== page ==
He has been Keynote Speaker at both the Seattle Convergence and at the World Craft Conference in Mexico. His work has appeared on the front covers of various magazines to include: the Saturday Evening Post, Interweave, and Shuttle, Spindle & Dyepot. He has been a Juror for the Fulbright Scholarship Committee, the Albuquerque Museum, the Art Institute of Detroit, among others. He has taught workshops at Haystack Mt. School of Crafts, Penland School of Crafts, Chicago Art Institute, University of Hawaii, Española Valley Fiber Arts Center, Taos Institute of Arts, etc. He has had solo exhibitions throughout the U.S., Canada, and Japan and been part of many group exhibitions around the world.


Craft in America

One of the new and upcoming episodes of the PBS "Craft in America" series will cover fiber artists. The episode title is "Threads" and it is scheduled for May 11.

"Threads explores the needle arts including weaving, storytelling through quilts and textiles that speak to the creativity of the human spirit."

You can checkout the KNME PBS schedule for times and channels.

May meeting

Just a reminder that our May guild meeting will be held on May 29th.


Las Tejedoras Guild online group

If you are not a member of the guild Google group, you may want to consider joining. The group is a way to communicate with members between meetings and over the summer. Plus, if you are having problems receiving the newsletter via email, a link to an online version is sent out to the google group each month a newsletter is published.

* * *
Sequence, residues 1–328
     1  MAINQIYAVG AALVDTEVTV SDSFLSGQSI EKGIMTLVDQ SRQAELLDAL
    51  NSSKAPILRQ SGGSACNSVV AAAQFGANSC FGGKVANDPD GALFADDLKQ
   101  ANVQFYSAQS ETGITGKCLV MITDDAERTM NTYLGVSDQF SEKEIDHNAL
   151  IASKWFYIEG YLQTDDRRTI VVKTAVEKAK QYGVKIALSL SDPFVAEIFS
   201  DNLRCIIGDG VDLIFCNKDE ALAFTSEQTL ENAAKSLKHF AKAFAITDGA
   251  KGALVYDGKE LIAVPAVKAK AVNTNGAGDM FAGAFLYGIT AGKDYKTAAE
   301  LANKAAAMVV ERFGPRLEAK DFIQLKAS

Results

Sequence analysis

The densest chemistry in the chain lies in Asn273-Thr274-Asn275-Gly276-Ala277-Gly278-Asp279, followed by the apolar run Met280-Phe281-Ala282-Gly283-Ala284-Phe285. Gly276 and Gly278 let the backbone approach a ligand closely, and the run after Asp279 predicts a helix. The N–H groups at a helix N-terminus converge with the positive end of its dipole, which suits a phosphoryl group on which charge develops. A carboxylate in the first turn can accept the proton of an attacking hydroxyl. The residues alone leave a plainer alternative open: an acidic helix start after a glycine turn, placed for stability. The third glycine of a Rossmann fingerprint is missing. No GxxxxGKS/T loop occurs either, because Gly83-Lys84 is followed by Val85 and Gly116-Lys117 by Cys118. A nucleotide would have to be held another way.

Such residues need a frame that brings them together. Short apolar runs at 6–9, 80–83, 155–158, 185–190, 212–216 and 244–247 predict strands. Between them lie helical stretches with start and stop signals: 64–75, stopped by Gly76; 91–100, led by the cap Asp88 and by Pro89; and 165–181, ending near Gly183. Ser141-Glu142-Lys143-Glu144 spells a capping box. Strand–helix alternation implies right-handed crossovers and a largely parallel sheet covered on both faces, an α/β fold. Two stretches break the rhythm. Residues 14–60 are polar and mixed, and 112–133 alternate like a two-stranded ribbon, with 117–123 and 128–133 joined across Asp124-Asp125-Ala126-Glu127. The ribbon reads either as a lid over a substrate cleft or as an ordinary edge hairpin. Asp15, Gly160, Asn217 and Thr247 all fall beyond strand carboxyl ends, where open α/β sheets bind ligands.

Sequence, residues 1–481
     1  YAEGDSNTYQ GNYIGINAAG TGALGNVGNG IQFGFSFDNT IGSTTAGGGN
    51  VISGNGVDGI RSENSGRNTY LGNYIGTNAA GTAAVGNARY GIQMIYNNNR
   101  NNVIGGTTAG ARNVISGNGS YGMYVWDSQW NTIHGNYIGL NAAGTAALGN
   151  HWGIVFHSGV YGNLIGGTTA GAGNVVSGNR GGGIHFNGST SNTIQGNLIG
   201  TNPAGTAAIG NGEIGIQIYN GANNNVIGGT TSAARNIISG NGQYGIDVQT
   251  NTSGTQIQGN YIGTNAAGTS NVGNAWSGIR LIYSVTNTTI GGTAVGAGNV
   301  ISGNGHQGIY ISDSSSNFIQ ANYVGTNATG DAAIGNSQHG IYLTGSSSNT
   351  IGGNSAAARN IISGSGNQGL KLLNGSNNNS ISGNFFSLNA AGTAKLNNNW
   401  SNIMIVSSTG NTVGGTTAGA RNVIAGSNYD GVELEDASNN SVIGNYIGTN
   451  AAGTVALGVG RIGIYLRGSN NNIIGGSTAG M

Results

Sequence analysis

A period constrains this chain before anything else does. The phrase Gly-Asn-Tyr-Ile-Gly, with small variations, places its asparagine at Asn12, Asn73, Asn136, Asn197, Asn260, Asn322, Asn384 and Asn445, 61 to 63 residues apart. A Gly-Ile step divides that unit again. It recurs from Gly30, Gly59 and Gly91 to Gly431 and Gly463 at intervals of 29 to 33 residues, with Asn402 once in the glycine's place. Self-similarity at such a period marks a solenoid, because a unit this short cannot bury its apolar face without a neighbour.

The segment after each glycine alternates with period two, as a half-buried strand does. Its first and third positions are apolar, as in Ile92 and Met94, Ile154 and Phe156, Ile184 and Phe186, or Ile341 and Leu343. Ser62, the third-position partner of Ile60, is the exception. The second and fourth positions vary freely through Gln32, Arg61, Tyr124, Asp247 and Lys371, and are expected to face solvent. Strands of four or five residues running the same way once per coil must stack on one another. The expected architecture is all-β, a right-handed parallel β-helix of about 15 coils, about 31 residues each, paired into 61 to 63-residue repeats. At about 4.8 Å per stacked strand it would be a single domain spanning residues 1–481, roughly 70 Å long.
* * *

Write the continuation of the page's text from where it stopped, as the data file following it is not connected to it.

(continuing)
You can find information on joining the group on our website. Look at the section 'Las Tejedoras Guild Google Group' for a link to instructions on joining.

NOTE: You must be a member of our guild to join this group. It is NOT a public group.


April Guild Meeting

Tuesday, April 3

Woven Stories: Weaving Traditions of Northern New Mexico (a DVD)

Weaving in Northern New Mexico has joined three distinct cultures into a human tapestry with a common love of fiber and spirit of place. These traditions continue in the small communities of Mora, Taos, Tierra Amarilla, El Rito, Española, Truchas, and Chimayo, each one bringing a specific contribution to the art and practicality of fiber.